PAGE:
Monsanto Co. plans to divest its Posilac dairy hormone business to focus on genetically modified crops, Bloomberg News reported.
The synthetic hormone, which is given to dairy cows to boost milk production, will be sold in the coming months, Creve Coeur-based Monsanto said Wednesday in a statement. Monsanto, the world’s biggest seed producer, has sold Posilac, also known as recombinant bovine somatotropin, or rBST, since 1994. The company doesn’t detail Posilac sales or profit, spokeswoman Danielle Jany said.
Chief Executive Hugh Grant is selling smaller, animal-agriculture units amid surging sales of crop products such as Roundup herbicide and engineered corn and soybean seeds. Monsanto in September sold its Choice Genetics unit, which mapped swine genes.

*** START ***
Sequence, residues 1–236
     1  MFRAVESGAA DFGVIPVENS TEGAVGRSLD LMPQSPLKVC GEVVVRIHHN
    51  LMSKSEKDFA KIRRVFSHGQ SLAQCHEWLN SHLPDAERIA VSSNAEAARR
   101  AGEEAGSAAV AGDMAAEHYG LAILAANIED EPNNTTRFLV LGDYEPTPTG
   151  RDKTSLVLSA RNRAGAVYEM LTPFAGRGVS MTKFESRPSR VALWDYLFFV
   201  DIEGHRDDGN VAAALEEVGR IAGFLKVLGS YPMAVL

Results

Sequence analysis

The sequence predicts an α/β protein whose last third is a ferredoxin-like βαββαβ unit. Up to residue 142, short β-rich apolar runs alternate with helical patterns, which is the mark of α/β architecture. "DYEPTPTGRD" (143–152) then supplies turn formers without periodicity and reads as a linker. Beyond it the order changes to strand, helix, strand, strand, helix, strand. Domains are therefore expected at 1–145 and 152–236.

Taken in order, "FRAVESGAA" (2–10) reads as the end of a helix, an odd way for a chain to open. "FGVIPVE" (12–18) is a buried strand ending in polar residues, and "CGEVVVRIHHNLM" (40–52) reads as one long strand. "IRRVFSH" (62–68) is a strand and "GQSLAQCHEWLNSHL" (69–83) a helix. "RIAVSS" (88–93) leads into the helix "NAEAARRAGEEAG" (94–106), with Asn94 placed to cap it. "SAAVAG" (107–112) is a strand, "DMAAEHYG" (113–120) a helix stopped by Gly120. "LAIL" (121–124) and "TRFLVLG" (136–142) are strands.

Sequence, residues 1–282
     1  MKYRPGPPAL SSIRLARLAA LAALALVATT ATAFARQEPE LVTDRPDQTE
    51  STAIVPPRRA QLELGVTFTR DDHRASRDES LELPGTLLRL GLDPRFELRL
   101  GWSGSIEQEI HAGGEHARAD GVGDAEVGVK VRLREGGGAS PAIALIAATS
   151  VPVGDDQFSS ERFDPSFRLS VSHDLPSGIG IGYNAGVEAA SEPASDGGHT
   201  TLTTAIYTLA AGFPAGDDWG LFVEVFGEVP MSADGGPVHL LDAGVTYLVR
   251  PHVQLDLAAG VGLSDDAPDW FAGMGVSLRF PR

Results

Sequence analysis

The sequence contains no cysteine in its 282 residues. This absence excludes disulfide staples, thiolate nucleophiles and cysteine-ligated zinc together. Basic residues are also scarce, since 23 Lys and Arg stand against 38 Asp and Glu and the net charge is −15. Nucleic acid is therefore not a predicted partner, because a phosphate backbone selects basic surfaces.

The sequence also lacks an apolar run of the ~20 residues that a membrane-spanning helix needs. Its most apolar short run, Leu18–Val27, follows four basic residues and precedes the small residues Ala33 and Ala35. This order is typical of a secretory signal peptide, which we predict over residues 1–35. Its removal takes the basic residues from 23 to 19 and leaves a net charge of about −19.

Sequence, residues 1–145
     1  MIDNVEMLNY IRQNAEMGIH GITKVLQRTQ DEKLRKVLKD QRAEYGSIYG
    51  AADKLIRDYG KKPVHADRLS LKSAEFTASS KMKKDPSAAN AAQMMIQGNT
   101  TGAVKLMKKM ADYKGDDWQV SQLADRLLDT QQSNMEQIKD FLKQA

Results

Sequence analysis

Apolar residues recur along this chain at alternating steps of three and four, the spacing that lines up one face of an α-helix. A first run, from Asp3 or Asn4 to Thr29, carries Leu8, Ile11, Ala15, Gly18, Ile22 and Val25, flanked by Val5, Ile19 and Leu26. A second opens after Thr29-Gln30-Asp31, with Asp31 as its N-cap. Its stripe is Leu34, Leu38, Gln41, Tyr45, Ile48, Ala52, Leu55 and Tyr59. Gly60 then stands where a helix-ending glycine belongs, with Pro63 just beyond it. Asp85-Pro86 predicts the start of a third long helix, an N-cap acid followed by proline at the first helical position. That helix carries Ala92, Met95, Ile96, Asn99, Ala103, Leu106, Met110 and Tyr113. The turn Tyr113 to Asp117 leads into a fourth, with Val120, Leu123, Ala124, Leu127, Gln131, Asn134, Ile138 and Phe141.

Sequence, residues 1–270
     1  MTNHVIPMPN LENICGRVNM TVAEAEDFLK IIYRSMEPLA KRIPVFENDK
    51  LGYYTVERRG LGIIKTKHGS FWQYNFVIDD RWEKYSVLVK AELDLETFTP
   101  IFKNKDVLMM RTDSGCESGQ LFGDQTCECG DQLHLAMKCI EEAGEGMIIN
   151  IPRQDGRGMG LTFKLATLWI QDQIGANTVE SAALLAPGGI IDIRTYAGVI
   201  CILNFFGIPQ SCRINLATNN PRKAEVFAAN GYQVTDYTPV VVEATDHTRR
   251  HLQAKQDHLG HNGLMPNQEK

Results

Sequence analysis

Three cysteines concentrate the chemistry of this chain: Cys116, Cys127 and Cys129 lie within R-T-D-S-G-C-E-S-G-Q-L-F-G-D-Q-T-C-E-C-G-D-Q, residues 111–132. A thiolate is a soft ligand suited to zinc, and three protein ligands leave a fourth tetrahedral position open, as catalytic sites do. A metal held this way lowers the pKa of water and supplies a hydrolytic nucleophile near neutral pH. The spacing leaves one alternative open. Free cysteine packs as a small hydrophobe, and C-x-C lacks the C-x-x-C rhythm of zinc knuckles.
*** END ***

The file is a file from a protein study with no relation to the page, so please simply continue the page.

“There are certainly advantages to not being distracted from the core business,” Laurence Alexander, a New York-based analyst at Jefferies & Co., said in a telephone interview. He rates the shares “buy.”
Posilac boosts the average co’s milk production by about 10 pounds a day, or about 15 percent, Jany said. The company failed in an attempt last year to stop dairy processors such as Dean Foods Co. from labeling milk as free of Posilac. “That hasn't been a factor in making this decision,” Jany said. “We are focusing on our core seeds and traits business.”
Monsanto has said labeling milk as being free of bovine-growth hormone incorrectly suggests the government-approved supplement used on about one-third of U.S. dairy herds may cause health problems. Such labels don't mislead consumers about the product's safety, the Federal Trade Commission said last August.
Monsanto shares rose $2.45, Wednesday, or 2.3 percent, to $109.40 in New York Stock Exchange composite trading. The shares have fallen 2.1 percent this year.